Politics of cashing in on people's religious sentiments is likely to turn worse with radical Islamists setting out on a long march towards Dhaka on April 6 and BNP extending support to the programme to gear up the anti-government movement.
Four of the eight Islamist parties that are actively working in the capital to make the long march announced by Hefajat-e Islam a success are components of BNP-Jamaat-led 18-party alliance.
Even Jatiya Party, a key component of Awami League-led ruling alliance, on Saturday extended its support to the long march demanding capital punishment to “atheist bloggers for making derogatory remarks about Islam."
Surprisingly, it is not clear what the government or the Awami League is thinking about the April 6 event, media reports suggest. The party claims to be the champion of secularism but its top leaders these days are making statements with religious overtones.
Two senior BNP leaders yesterday said the party's strategy was to back any anti-government agitation waged by any organisation and to make the government a common enemy of all.
Therefore, the party is waiting for the outcome of the long march before finalising its next course of action for the one-point oust-govt movement, they said.
The BNP earlier had openly supported Hefajat-e Islam in obstructing the Gonojagoron Mancha rally that was to be held in Chittagong on March 13.
"We will continue supporting any agitation protesting the government's misdeeds and repression," Lt Gen (retd) Mahbubur Rahman, a member of BNP standing committee, told The Daily Star yesterday.
Rafiqul Islam Mia, another standing committee member, echoed Mahbub's view.
BNP Chairperson Khaleda Zia addressing public rallies in Manikganj, Bogra, Joypurhat and Brahmanbaria has also urged people to wage tough agitation against the “government-sponsored movement of Shahbagh atheists."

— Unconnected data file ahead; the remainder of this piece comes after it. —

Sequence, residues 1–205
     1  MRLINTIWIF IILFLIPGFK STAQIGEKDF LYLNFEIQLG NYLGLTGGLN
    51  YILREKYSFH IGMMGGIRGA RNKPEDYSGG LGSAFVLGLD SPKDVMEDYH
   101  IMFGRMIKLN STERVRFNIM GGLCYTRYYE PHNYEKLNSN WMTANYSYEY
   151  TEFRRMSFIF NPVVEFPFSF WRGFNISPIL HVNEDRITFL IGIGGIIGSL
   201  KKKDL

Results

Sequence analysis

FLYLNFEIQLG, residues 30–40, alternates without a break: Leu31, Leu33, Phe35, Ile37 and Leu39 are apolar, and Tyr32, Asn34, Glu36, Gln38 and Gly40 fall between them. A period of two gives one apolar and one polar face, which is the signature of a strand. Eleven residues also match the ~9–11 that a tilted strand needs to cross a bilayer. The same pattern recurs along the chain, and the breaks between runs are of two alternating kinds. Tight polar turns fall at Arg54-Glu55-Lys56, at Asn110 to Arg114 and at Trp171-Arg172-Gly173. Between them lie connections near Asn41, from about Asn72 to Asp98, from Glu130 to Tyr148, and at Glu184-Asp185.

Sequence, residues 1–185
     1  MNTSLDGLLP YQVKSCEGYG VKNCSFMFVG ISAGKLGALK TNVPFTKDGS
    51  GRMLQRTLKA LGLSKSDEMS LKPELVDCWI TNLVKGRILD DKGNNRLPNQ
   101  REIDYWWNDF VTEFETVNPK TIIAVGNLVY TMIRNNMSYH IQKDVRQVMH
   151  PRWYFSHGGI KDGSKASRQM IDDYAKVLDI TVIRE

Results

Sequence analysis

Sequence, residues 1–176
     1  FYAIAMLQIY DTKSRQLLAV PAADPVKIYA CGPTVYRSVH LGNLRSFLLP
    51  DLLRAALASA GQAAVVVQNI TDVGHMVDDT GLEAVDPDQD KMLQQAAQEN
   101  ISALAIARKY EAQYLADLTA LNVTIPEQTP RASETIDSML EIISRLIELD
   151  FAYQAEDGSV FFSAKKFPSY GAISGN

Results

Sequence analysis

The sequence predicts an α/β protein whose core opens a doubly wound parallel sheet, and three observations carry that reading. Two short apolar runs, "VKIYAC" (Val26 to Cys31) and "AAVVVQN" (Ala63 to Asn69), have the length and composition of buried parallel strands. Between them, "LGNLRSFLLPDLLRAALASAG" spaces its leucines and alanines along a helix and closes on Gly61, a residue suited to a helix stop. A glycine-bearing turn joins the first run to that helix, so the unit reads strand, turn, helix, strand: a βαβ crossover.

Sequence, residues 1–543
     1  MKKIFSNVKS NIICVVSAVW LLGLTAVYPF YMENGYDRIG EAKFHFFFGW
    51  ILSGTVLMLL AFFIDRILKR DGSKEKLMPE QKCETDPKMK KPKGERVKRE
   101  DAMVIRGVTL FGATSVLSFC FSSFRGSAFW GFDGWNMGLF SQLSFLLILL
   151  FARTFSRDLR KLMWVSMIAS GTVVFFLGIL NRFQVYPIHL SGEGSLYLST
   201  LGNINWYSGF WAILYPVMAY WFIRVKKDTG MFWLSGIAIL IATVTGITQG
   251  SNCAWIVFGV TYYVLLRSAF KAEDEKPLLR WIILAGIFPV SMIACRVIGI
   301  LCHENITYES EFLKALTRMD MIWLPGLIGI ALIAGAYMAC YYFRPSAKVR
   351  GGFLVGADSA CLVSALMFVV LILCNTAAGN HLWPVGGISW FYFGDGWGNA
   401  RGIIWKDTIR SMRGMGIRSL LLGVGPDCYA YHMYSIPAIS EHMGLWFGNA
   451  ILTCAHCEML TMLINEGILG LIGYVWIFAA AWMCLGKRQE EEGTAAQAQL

Hefajat-e Islam, an organisation based at Hathazari in Chittagong, through a press conference in the capital yesterday threatened to enforce long shutdowns for period if their long march was obstructed.
On Saturday, the deputy commissioner and superintendent of police of Chittagong met the chief of Hefajat-e Islam and requested him to enforce other programme than the long march.
"We are concerned about the law and order situation. So we requested Hujur [chief of Hefajat-e Islam] to consider other programme, excepting the long march," Chittagong DC Abdul Mannan said yesterday.
As part of the plan, leaders of Hefajat-e Islam said their followers from distant districts will march towards Dhaka on April 5 night and those from districts adjacent to the capital the following day.
"Then we will hold a grand rally and raise our demands," Mufti Fayezullah, joint secretary general of Hefajat-e Islam, told The Daily Star yesterday.
He said they had applied to Dhaka Metropolitan Police seeking permission to hold the rally at either of the venues at Manik Mia Avenue, Motijheel Shapla Chattar and Paltan Intersection.
"We have yet to get the permission," he said, adding, "If we are not allowed to hold the rally, we will enforce shutdowns for an indefinite period from April 7."